House approves more than $400 billion of government funding in ‘minibus’ package
The House on Wednesday passed a sprawling spending package for the coming fiscal year, approving more than $400 billion in government spending ahead of the August recess.
The lower chamber voted 220 to 207 in a largely party-line vote to pass the so-called “minibus” package, which contains six spending bills providing fiscal 2023 funding for various agencies, including the departments of Housing and Urban Development (HUD), Transportation (DOT), Agriculture, Energy and Veterans Affairs (VA) as well as the Food and Drug Administration.
Appropriations Committee Chairwoman Rosa DeLauro (D-Conn.) said in a statement that the Democratic-backed legislation is tackling “some of our nation’s biggest challenges by combatting climate change, bolstering mental health services, supporting our Veterans, and building safer communities with less crime and violence and more security.”
“As we move the Appropriations process forward to enact these essential priorities, we will continue to fight for the lifeline that the middle class, working families, small businesses, and vulnerable Americans need,” she added.
The passage caps off days of the legislation’s consideration in the lower chamber and comes after House negotiators spent weeks crafting the bills in committee ahead of the previous July 4 recess.
The House still has six remaining annual spending bills that leaders hope to bring to the floor later this month, but the timing on when remains unclear.
The legislation passed Wednesday includes funding for a slew of Democratic-backed priorities, with a proposed 18 percent boost in spending from the current fiscal year’s levels for the Department of the Interior, the Department of Energy and related agencies, as well as double digit spending increases in areas like military construction and the VA, HUD and DOT.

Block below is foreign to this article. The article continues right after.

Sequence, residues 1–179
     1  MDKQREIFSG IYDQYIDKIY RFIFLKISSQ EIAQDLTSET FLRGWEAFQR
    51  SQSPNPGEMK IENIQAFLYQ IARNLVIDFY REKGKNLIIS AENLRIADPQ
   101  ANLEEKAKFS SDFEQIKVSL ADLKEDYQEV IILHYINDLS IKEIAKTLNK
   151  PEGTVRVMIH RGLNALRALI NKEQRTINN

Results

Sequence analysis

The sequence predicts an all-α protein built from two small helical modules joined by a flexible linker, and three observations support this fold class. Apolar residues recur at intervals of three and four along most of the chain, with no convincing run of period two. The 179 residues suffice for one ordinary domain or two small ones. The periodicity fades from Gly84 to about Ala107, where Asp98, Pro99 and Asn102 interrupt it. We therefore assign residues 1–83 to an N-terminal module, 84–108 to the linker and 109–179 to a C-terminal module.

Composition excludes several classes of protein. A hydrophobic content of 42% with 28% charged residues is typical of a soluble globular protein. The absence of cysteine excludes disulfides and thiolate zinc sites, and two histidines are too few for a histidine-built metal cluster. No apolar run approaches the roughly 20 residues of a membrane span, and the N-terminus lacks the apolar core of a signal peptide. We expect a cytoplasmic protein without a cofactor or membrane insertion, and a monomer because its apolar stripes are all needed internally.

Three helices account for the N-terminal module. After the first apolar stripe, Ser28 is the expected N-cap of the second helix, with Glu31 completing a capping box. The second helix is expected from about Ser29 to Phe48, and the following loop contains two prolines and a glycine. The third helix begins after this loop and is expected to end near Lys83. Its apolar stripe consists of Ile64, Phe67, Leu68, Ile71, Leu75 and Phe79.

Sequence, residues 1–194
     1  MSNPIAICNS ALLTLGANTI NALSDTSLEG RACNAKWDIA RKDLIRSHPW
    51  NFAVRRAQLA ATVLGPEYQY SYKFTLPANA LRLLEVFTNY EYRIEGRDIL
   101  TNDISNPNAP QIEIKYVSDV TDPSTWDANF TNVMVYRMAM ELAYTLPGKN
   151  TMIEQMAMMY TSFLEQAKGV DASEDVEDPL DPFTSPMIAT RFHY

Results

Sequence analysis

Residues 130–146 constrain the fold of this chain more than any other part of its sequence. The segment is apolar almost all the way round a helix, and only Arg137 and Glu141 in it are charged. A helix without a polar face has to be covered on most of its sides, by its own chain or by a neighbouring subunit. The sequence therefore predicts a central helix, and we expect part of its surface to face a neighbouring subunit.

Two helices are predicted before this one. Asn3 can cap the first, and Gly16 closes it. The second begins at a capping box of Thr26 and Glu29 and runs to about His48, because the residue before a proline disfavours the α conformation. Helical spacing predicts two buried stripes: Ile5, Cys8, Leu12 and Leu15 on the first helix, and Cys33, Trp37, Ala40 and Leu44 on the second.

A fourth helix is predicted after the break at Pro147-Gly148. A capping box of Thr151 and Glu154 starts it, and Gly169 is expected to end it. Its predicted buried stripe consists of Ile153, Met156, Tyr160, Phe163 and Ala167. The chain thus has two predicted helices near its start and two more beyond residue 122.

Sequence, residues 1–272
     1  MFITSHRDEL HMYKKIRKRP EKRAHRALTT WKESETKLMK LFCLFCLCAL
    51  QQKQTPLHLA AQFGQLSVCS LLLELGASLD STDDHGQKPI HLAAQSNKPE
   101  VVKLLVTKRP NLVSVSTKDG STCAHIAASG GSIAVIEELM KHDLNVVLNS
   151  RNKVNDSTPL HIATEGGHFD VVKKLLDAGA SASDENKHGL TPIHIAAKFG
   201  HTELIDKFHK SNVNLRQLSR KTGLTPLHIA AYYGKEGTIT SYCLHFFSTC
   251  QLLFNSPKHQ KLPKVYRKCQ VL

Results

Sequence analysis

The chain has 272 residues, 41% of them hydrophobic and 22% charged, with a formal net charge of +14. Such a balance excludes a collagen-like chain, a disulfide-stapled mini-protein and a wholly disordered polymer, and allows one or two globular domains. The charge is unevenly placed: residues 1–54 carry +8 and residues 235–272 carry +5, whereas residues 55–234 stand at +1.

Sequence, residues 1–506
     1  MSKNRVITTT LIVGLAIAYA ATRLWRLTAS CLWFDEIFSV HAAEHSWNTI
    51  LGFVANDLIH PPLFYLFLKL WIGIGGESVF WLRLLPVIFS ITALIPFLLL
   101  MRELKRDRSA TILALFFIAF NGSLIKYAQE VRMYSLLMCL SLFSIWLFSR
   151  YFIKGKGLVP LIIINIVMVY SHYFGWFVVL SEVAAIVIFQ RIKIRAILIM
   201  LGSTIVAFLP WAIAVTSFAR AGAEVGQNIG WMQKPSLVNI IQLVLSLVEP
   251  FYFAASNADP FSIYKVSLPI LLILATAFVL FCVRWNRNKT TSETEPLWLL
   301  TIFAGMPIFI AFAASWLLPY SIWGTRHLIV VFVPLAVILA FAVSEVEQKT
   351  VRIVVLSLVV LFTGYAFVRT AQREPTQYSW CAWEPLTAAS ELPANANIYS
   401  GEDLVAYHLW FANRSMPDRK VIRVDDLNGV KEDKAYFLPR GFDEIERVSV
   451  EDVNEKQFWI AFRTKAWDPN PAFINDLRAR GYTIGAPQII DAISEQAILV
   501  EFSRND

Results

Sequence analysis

The House also approved a 17 percent boost in dollars for the 2023 financial services and general government funding, which includes funding for the Small Business Administration, election security grants and measures Democrats say are aimed at rebuilding the IRS to ensure wealthy corporations and individuals pay their “fair share.”
But despite speedy appropriations work seen in the House in recent weeks, Senate negotiators have yet to publicly roll out text for any of their dozen annual spending bills. Leaders are struggling to strike a larger bipartisan deal on how to fund the government.
Senate Democrats are expected to drop text for spending legislation by the end of the month, but Republicans argue those bills will be partisan.
Sen. Roy Blunt (Mo.), top Republican on the Senate Appropriations Subcommittee on Labor, Health and Human Services and Education, told The Hill he hasn’t “seen or been asked for any input” on his subpanel’s spending bill expected to be unveiled soon.
Instead, he’s focusing on “what the bill [will look] like in December.”
“I think that’s pretty much what everybody’s thinking,” Blunt said.
Congress has until the end of September, when government funding is scheduled to run out, to pass its annual spending legislation.
But negotiators say Congress will more than likely have to pass a continuing resolution, which will allow the government to remain funded at the previous year’s fiscal levels and buy lawmakers time for a deal.
Negotiators have pointed to the absence of an agreement on a spending top line as one of the biggest obstacles to Congress finishing up its appropriations work on time amid partisan disagreements over defense spending.
Last month, the House appropriators passed a fiscal 2023 defense bill offering about $761.7 billion in total funding, a $32.2 billion increase from the current fiscal year. The figure was in line with the amount President Biden asked for in his budget request earlier this year, but has drawn pushback from Republicans who say more is needed amid rising inflation.
Republicans have instead pointed to the recent version of the fiscal 2023 National Defense Authorization Act passed by the Senate Armed Services Committee, which provided a $45 billion increase above Biden’s request in defense dollars, as a more workable number.
Sen. Richard Shelby (R-Ala.) said on Wednesday that he also plans to look “closely” at proposed dollars for defense in the spending legislation set to be unveiled soon.
“One, do they meet this challenge of inflation to begin with? And we’re not sure about that,” he said.